WHY DRIVE DMACK?
Junior drivers are flocking to the Drive DMACK Trophy. By Jack Benyon
Adebate as old as time itself. Which championship is the best for junior drivers to strut their stuff ? In recent years, the Drive DMACK Trophy has been popular, and its appeal continues to grow despite going up against the WRC’S own Junior championship, JWRC.
So what is the DDT? It’s a single-make formula for the forests. M-sport’s Ford Fiesta R2T is the car of choice, and here’s the first major selling point of the championship: M-sport Poland, run by Maciej Woda, takes care of all the cars. It’s a truly arrive-and-drive format with the cars looked after by the same people. No chance for drivers to gain an advantage through bent cars as is accused in other championships.
One driver who has experienced the series for the past two years is Tom Cave and the 24-year-old believes that the format ensures parity and takes something off the driver’s plate.
“Everything is a lot more controlled with the Drive DMACK,” says Cave. “M-sport is very particular with the way it operates the whole championship with the cars and they are looked after to a very high standard. It’s one less thing for the driver to think about.”
Some onlookers have pointed to the fact that this takes away from a driver learning the engineering side of his art, but Junior British Rally Championship driver Meirion Evans believes that most of the JWRC drivers use teams to prepare their cars anyway. And he’s right. There aren’t too many times that a JWRC driver is forced in to changing a gearbox.
“A lot of boys that take part in the JWRC will have a mechanic on their car anyway,” explains Evans. “It’s rare they will do work themselves. In my position, I can do a lot of the work on the car myself but I still have a team to help me on the rallies.”
Yes, there are drawbacks to arrive and drive. First off, drivers don’t gain an asset as they are merely renting the car. There’s also the cost of tyres and repairs for the car. However, it isn’t built to be a series where the drivers would have a long-term future stay. This is simply to prove who’s the best, and give them an opportunity to graduate in the World Rally Championship as quickly as possible. After all, if a driver does well he’ll be in a funded WRC2 entry the year after. Cave reckons, as a financial proposition, the DDT is superior to the JWRC.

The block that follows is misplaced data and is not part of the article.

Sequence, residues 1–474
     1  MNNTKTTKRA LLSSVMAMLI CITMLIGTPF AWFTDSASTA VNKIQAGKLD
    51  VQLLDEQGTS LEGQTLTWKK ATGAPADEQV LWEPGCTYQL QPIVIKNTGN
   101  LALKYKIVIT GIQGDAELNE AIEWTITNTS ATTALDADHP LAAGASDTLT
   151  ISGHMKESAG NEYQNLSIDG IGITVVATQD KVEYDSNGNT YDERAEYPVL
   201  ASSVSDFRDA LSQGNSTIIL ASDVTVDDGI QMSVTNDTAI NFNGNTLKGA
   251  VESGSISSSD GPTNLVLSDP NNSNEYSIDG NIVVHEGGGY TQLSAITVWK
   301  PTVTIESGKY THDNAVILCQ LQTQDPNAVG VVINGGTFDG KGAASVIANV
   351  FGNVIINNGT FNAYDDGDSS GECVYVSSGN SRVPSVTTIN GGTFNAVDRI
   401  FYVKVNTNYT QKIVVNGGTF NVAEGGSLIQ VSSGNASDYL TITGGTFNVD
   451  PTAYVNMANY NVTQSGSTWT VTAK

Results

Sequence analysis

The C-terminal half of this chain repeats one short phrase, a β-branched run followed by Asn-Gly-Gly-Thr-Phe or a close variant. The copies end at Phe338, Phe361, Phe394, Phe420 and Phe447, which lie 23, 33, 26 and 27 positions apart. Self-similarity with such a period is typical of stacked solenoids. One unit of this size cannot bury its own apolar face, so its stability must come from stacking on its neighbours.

“It’s definitely put me on the map in the WRC,” says Cave. “Of course for this year my focus is on the British championship but for a young driver to go and establish themselves it’s the championship to go and do purely for the value for money.
“The value for money of the Drive DMACK outweighed what the JWRC was offering at the time I entered,” adds Cave. “You’re looking at a programme of around £130,000 to do the whole season in Drive DMACK but do JWRC you were looking at towards £200,000.
“In terms of what the championship offered, it was very good and it was a great way of gaining experience in the world championship in a competitive car. I was learning a lot and gaining a lot of experience.”
What the JWRC and DDT both offer is impressive prizes centred around campaigns in an R5 car in WRC2. However, the DDT is one less round – thus reducing cost – and, according to Cave, it offers a better overall prize.
“It is similar to the JWRC in terms of prize,” says Cave. “The car that you drive if you win the prize [Ford Fiesta R5] is a better package [than the JWRC’S Citroen DS 3 R5] so you go into the following year knowing you have the best package to use. On paper everybody knows that at the minute the Fiesta is more competitive than the Citroen.”
In the DDT, drivers will compete on five rounds of the World Rally Championship: Portugal, Poland, Finland, Germany, and Spain. That’s three gravel, one Tarmac and one mixed surface. A great combination for developing talent in a variety of conditions.
The champion wins a full year in WRC2, and this is where the scheme becomes relevant to the UK. The tyre manufacturer has developed a ladder leading from the British Championship, with the Junior British Rally champion earning a subsidised drive in the DDT for the following year. With that in mind, there’s a direct path into the WRC, and with DMACK now running a team in WRC for Ott Tanak, there’s every possibility that impressing the marque while competing could even land you a seat at the top of the sport.
The DDT has benefited in the previous two years thanks to the